Following on from last week’s discussion on when it’s time to speak to a financial adviser, I’ll go through the different types of advice you can receive and how to choose the best expert for you.
Depending on your situation, you will be looking at one of three forms of advice:
A one-off issue
You may have come into a bit of money or want to figure out the best way to consolidate your super funds. A one-off, fee-for-service visit to a financial adviser should cover this.
A long-term plan
If you’re establishing a specific strategy for your financial future – including investing in the share market, tax advice or buying a house – an experienced and knowledgeable financial planner can provide valuable advice.
Unless your financial life is complicated, a single visit that you’ve prepared well for should set you on the right course.
This is only necessary if you have substantial assets and a sizable investment portfolio. If your financial situation has a fair few moving parts, you’ll want ongoing advice about the best strategy to meet your goals.
In any event, make sure the adviser is not making recommendations based on commissions and make sure you receive regular statements that clearly outline what you’re paying for.
Not all Financial Advisers Were Made Equal
As a starting point, always ensure a planner is licensed to provide advice or is the authorised representative of a financial services licence holder. NOTE: licence holders have to register with ASIC.
Let’s compare the quality of advice provided by banks, large financial planning chains, small planning companies and stockbrokers:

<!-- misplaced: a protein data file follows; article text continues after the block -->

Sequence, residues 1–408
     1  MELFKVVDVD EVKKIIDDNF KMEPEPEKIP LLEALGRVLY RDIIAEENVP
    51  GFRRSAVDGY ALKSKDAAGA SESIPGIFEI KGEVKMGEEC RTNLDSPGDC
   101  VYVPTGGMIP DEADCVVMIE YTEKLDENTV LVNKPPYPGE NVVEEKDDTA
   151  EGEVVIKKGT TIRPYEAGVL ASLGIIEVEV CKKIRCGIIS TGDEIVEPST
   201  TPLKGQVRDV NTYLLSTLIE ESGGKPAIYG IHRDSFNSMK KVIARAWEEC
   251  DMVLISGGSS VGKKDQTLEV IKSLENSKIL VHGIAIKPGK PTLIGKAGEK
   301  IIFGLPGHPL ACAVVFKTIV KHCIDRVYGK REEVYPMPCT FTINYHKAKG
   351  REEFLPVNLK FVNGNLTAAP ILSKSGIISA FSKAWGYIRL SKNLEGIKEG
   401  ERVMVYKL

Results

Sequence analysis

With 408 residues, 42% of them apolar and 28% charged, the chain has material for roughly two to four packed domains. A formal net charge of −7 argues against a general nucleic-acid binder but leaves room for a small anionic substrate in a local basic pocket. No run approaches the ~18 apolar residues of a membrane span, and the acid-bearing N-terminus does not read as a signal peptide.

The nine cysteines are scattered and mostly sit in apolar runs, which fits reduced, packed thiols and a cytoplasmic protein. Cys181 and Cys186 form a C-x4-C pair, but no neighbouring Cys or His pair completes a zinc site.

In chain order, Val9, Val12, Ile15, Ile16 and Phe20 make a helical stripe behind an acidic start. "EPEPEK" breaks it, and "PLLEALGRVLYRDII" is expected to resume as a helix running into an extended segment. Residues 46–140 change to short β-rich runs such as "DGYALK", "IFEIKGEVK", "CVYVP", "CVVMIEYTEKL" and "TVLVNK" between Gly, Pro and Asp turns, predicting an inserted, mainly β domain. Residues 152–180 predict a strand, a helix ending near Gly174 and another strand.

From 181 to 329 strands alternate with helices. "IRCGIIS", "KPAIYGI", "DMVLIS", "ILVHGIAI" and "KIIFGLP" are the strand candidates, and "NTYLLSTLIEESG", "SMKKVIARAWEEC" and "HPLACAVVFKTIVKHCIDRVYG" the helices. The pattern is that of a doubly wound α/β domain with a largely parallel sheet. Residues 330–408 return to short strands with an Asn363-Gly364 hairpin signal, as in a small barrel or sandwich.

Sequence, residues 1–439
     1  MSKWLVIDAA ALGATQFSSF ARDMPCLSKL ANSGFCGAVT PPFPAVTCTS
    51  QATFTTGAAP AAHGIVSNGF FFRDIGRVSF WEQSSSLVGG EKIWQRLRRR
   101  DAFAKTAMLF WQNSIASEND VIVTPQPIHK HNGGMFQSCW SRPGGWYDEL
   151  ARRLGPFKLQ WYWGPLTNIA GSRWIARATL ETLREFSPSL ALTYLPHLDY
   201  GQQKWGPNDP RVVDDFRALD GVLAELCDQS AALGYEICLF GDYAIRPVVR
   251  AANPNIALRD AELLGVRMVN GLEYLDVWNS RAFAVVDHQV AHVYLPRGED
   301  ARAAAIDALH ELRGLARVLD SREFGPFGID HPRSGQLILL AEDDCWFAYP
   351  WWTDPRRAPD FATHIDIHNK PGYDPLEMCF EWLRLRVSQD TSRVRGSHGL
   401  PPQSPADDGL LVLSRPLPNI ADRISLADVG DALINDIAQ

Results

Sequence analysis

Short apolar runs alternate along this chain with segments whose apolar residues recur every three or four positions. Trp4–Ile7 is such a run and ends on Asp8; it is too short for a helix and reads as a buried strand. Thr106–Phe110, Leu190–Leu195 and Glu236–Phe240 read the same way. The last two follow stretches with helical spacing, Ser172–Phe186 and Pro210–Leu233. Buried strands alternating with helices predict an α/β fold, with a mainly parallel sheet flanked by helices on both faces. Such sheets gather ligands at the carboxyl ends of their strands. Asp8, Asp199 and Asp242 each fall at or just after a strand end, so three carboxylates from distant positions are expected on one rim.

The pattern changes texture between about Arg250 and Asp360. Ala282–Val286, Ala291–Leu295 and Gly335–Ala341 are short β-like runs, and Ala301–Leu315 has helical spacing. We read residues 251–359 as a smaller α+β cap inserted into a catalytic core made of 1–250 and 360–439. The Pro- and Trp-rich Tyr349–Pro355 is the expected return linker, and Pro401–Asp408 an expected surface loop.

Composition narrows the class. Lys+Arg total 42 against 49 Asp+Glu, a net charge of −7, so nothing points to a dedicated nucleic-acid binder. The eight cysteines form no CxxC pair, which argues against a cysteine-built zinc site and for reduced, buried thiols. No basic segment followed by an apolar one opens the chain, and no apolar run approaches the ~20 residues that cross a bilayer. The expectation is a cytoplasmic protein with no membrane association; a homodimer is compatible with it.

Brokers have a tendancy to recommend shares and overlook other essential issues such as assessing the client’s needs and goals.
Method of payment
Planners who worked for a fee or a combination of fee and commission often provided better advice than those who worked on a commission-only basis.
Shop around to find a planner that’s right for you. In particular, ask if the planner provides comprehensive advice or if they’re an investment and placement service only.
Here’s What You Need To Do:
- Prepare a household budget detailing all sources of income.
- Make a list of all assets, their value, and all liabilities.
- Make a list of your financial needs and goals for the short, medium and long term.
- Learn as much as you can about different investments and markets.
- Make a list of all existing investments, including their current value, past performance, and fees.
- Get up to speed on information your planner may not have access to, (does your employer allow you to ‘salary sacrifice,’ what are your options in your existing super fund etc.)